Neurologist for slipped disc

Symptoms and diagnosis for slipped disc
Neuro

By Neurosurgery Singapore

Slipped Disc info

When should it be considered as slipped disc?

Slipped disc requires Neurologist to diagnose. Often pain is pain felt in the back. The back is divided into middle back pain (thoracic), lower back pain (lumbar) or coccydynia (tailbone or sacral pain) based on the segment affected.

The spine area is the most common area for pain, as it supports most of the weight in the upper body. Episodes of back pain may be acute, sub-acute, or chronic depending on the duration. The pain may be characterized as a dull ache, shooting or piercing pain, or a burning sensation. Discomfort can radiate into the arms and hands as well as the legs or feet, and may include numbness, or weakness in the legs and arms. Slipped disc is also know as herniated disc.

What are some symptoms related to slipped disc?

Slipped disc resulting back pain can have many symptoms, including:

  • a dull aching sensation in the lower back
  • a stabbing or shooting pain that can radiate down the leg to the foot
  • an inability to stand up straight without pain
  • a decreased range of motion and diminished ability to flex the back
 

The symptoms of back pain or backache, if due to strain or misuse, are usually short-lived but can last for days or weeks.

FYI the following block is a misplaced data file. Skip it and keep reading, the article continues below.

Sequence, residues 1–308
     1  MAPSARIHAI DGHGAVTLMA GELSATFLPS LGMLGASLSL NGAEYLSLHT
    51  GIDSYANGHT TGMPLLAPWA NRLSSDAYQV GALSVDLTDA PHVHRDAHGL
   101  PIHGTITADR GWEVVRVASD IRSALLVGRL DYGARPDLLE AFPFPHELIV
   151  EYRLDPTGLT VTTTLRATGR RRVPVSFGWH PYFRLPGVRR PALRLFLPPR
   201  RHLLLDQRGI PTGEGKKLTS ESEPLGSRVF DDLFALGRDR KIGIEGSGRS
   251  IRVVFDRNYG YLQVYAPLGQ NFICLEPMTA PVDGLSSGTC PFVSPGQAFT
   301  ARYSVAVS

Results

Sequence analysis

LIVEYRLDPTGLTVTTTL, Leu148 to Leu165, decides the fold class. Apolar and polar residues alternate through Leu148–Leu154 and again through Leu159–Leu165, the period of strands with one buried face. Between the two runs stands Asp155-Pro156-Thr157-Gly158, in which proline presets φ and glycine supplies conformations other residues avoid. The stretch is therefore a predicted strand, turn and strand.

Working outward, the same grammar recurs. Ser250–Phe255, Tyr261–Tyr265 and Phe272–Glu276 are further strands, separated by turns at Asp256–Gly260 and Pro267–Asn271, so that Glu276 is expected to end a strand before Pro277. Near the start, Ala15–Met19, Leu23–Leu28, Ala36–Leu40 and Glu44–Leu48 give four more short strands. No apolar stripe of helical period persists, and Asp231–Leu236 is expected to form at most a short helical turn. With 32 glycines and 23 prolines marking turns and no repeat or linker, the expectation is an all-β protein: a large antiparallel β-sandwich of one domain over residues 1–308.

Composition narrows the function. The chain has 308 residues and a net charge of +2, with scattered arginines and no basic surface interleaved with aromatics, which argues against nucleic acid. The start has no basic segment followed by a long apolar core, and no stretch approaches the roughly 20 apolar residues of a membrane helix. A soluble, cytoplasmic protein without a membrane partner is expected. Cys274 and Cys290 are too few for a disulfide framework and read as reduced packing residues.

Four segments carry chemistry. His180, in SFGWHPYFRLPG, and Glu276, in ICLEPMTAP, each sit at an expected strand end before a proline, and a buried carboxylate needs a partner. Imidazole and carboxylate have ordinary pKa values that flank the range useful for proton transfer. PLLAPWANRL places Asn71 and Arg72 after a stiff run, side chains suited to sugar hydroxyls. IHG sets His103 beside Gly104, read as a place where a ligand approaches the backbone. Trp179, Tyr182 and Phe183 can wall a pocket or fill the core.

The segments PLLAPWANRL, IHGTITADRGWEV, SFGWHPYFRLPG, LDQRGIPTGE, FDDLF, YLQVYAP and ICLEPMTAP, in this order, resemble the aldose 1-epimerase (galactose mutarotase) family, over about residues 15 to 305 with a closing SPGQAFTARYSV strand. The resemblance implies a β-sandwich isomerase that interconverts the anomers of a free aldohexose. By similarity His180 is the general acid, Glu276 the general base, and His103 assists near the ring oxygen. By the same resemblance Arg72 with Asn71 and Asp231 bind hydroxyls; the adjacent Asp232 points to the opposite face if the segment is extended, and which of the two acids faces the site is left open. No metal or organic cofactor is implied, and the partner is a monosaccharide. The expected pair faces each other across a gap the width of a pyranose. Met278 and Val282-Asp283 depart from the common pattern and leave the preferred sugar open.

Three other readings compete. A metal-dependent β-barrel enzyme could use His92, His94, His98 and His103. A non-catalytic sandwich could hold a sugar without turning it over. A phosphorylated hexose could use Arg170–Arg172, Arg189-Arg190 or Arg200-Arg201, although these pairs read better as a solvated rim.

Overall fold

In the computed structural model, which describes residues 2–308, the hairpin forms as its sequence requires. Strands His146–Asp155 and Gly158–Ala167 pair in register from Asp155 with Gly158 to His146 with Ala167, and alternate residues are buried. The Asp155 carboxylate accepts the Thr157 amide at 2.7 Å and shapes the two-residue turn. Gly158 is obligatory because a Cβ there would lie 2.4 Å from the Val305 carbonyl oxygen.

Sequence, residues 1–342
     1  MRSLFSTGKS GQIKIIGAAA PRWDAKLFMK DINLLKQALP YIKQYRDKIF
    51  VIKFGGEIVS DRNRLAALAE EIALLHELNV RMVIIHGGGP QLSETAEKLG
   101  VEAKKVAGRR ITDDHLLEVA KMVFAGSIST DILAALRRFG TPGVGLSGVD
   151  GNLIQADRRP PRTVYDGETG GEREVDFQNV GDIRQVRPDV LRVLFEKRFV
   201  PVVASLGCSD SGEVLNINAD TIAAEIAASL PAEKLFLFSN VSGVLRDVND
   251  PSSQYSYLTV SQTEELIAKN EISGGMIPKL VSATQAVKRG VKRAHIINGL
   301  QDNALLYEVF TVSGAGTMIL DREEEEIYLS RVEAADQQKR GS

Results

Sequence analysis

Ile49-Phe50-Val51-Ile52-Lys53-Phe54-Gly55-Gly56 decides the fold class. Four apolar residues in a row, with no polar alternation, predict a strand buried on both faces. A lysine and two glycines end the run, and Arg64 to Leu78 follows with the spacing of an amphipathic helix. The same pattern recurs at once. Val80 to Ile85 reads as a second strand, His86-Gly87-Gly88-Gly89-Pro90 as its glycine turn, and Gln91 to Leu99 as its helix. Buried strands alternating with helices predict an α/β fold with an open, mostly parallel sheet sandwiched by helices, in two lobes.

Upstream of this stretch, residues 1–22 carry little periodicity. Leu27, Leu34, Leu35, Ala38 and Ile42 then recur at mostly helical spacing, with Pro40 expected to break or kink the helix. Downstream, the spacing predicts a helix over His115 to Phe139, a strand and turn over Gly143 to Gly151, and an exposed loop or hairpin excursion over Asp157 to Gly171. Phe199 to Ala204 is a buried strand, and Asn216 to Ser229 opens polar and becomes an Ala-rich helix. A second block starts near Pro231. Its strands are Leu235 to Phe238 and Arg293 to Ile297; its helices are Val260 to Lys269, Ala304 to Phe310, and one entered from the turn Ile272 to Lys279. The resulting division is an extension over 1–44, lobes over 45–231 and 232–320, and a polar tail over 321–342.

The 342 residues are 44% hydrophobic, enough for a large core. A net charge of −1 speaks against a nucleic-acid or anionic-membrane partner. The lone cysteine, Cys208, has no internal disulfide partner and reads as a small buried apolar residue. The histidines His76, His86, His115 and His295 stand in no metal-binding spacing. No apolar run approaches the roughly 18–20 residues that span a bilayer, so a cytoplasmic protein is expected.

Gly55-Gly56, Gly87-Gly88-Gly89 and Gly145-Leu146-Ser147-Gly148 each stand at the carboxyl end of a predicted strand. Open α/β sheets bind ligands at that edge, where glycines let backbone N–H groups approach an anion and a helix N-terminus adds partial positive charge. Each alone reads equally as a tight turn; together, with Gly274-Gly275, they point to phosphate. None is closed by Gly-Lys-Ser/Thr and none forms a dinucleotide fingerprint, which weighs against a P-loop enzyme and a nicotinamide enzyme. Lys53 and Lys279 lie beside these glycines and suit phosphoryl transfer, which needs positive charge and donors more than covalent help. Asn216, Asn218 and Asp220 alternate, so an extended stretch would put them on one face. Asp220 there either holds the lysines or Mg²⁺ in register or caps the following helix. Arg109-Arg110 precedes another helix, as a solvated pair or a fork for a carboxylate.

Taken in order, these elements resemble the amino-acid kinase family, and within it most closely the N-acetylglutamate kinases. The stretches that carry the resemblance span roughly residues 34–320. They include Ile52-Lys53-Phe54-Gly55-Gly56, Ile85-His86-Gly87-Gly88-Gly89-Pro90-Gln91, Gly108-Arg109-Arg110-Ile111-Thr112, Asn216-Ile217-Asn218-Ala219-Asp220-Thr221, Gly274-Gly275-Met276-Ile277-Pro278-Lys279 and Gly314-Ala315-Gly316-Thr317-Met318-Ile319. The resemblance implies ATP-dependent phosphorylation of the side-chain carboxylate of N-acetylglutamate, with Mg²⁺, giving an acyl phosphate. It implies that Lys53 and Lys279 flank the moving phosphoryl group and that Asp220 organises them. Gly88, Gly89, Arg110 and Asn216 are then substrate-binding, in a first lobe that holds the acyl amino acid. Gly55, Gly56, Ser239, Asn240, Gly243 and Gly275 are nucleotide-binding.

Back pain is chronic when symptoms have been present for longer than three months.

“Most people with a slipped disc respond well to conservative treatment. Within six weeks, their pain and discomfort will gradually lessen.”

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What types of treatments?

The treatment of slipped depends entirely on the cause of the problem. Therefore, it is of utmost importance that you understand the cause of your symptoms before embarking on a treatment program. If you are unsure of your diagnosis, or the severity of your condition, you should seek medical advice before beginning any treatment.

    • Pain relievers. Take these medications only as directed by our neurologist. Overuse can cause serious side effects. 
    • Muscle relaxants. If mild to moderate back pain doesn’t improve with OTC pain relievers, our doctor might also prescribe a muscle relaxant. Muscle relaxants can make you dizzy and sleepy.
    • Topical pain relievers. These are creams, salves or ointments you rub into your skin at the site of your pain.

      Physical therapy and exercise

      A physical therapist can apply a variety of treatments, such as heat, ultrasound, electrical stimulation and muscle-release techniques, to your back muscles and soft tissues to reduce pain.

      As spine improves, our therapist can teach you exercises to increase your flexibility, strengthen your back and abdominal muscles, and improve your posture. 

      Surgery

      If you have unrelenting pain associated with radiating leg pain or progressive muscle weakness caused by nerve compression, you might benefit from surgery. Otherwise, surgery usually is reserved for pain related to structural problems, such as narrowing of the spine (spinal stenosis) or a herniated disk, that hasn’t responded to other therapy.

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Things to take note if you have slipped disc

The key to avoiding recurrence is prevention:

  • Proper lifting techniques
  • Good posture during sitting, standing, moving, and sleeping
  • Appropriate exercise program to strengthen weak abdominal muscles and prevent re-injury
  • An ergonomic work area
  • Healthy weight and lean body mass
  • A positive attitude and stress management
  • No smoking

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